Over at The Mystery of the Haunted Vampire, we’ve seen a fairly large surge in comment spam attempts. In the past, I’ve tried to deal with this with a mix of plugins but the best one of these had the unfortunate side-effect of preventing the site owner (Carnacki) from accessing the blog (he’s got some funky configuration issue with his ISP, I think). We’ve been relying upon Askimet alone for a while now, and while it works really well, it’s kind of tedious having to review and delete comments. Askimet has trapped a handful of false postives, so I like to eyeball the output before deleting it. When it’s a dozen or so pieces of spam, that’s fine – but when it’s hundreds? Bleh.
Not wanting to futz around with plugins again, I opted for a blunt instrument approach: the .htaccess file. For those of you who don’t know, .htaccess is a file that you can use to control site access when you don’t have access to the root server configuration settings – which we don’t, since we don’t have a dedicated server. (Hell, we don’t even pay for a fixed IP address. MotHV is small enough that it isn’t worth the expense, particularly since the site doesn’t generate any revenue.)
Now, with .htaccess you can block individual IP addresses, but most comment spammers use a range of IP addresses. Looking at the worst offenders, I began blocking large swaths of the ‘net from accessing the site. Chinese ISPs? Gone. We’re an English-language blog, and we never get any interactive visitors from Chinese IP addresses, only bots. Hosting-only companies? Gone. Sure, some of their IP addresses may be allocated to ‘real’ domains, and some companies may be using those IP addresses as gateways, but in those cases, the IP address should resolve back to their domain name. If it’s just one IP address out of a pool of thousands? Nope. It’s a bot. You get the screamin’ 403 “Access denied” error.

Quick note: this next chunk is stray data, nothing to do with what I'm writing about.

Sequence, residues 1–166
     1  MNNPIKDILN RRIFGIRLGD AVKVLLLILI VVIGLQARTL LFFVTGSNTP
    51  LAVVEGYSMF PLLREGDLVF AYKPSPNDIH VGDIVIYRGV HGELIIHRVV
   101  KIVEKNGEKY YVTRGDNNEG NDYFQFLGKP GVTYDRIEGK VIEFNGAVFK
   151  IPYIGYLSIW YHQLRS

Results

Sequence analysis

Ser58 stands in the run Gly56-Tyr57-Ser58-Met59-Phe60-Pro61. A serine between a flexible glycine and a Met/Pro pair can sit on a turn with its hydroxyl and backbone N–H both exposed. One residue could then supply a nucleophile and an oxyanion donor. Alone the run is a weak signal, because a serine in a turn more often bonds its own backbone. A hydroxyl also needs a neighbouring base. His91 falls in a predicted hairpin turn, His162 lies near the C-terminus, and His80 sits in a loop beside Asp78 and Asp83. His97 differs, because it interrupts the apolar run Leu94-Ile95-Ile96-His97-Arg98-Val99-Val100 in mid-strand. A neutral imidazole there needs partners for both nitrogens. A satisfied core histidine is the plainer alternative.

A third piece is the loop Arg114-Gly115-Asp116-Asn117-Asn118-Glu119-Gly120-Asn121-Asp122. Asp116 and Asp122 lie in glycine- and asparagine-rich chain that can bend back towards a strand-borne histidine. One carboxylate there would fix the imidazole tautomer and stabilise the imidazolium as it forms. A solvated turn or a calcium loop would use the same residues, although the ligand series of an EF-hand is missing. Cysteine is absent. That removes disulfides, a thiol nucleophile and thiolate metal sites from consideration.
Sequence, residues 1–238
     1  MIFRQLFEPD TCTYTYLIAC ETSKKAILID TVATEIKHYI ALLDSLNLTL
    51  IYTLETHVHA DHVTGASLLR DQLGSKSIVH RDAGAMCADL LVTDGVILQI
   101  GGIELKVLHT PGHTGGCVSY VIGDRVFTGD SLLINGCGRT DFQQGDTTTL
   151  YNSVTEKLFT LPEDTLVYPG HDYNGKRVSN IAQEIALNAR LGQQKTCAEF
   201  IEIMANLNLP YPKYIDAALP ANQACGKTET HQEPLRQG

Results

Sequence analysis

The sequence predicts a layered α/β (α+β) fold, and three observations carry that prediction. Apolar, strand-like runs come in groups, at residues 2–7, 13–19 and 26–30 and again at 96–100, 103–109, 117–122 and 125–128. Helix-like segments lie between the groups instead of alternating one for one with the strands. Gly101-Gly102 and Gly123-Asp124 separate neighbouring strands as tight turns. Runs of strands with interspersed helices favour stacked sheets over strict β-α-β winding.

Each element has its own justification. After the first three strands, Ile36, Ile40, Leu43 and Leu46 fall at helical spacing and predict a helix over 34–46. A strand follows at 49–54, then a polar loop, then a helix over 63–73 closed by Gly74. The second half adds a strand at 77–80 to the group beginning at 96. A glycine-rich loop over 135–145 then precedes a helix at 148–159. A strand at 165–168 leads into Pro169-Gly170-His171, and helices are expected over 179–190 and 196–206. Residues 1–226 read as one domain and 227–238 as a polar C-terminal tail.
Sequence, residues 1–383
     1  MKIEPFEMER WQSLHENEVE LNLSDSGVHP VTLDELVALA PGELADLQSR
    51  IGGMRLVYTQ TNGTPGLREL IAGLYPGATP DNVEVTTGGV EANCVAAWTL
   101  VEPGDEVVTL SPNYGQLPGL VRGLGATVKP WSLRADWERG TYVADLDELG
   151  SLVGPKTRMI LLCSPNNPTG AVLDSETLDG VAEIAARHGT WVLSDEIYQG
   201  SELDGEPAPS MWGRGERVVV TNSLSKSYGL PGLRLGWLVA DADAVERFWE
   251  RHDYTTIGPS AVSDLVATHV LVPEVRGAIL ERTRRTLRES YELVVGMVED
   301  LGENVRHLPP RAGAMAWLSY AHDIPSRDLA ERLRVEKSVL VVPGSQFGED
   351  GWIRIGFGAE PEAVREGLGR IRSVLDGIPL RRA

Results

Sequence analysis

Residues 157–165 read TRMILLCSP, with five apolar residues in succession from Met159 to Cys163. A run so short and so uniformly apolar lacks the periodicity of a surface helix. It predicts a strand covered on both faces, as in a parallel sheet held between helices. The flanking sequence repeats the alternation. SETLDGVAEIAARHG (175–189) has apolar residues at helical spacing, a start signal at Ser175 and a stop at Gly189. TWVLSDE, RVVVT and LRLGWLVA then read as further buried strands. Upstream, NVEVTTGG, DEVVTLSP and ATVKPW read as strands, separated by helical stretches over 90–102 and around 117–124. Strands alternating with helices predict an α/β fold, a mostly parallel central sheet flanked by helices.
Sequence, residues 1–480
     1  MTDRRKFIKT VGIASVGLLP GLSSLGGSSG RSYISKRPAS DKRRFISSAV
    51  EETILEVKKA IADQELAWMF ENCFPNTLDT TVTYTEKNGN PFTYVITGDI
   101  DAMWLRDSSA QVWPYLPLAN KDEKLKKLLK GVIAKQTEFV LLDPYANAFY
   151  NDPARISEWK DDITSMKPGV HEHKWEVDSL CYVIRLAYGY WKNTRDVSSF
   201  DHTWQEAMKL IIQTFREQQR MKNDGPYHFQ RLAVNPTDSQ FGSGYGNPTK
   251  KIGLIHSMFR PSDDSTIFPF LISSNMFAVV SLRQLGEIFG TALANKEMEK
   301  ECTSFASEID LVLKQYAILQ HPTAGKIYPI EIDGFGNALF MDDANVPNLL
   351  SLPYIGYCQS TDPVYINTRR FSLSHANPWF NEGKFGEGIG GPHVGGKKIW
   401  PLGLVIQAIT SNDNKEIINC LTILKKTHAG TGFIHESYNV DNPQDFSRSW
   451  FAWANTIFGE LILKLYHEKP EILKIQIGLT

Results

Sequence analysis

I’ve used some discretion – we do get legitimate visitors from Japan, Korea, India, Thailand, & Malaysia, so I won’t take the totally drastic step that some people have of banning the entire range of APNIC IP addresses. That’s stupid. But individual ISPs in Asia that have never sent us a single legitimate visitor? Bzzt. Blocked. That one European host that is responsible for 50% of our comment spam? Every single netblock gets blocked. That US-based host responsible for another 20%? Same thing.
So the other night, I blocked a couple of dozen ranges of IP addresses, covering tens of thousands of IP addresses. Comment spam attempts are back down to a manageable amount (hundreds per day to dozens per day), though I know this will be temporary. And guess what else happened?
We lost almost 40% of our RSS subscribers.
So… How many of your subscribers are really just monitoring your site for activity?
[edited to add – do I lose any points for having two back-to-back posts with “*really*” in the title?]